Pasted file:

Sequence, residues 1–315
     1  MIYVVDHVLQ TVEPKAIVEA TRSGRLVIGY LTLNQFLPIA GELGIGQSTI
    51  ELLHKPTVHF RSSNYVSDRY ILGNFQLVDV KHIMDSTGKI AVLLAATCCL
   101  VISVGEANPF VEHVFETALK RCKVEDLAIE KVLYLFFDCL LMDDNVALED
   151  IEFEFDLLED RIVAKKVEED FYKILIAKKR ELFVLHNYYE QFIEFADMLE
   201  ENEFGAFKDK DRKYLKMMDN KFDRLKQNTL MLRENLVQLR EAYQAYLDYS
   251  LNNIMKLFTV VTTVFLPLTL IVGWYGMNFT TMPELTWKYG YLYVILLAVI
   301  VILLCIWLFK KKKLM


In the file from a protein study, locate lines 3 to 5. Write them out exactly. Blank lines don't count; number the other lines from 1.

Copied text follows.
    51  ELLHKPTVHF RSSNYVSDRY ILGNFQLVDV KHIMDSTGKI AVLLAATCCL
   101  VISVGEANPF VEHVFETALK RCKVEDLAIE KVLYLFFDCL LMDDNVALED
   151  IEFEFDLLED RIVAKKVEED FYKILIAKKR ELFVLHNYYE QFIEFADMLE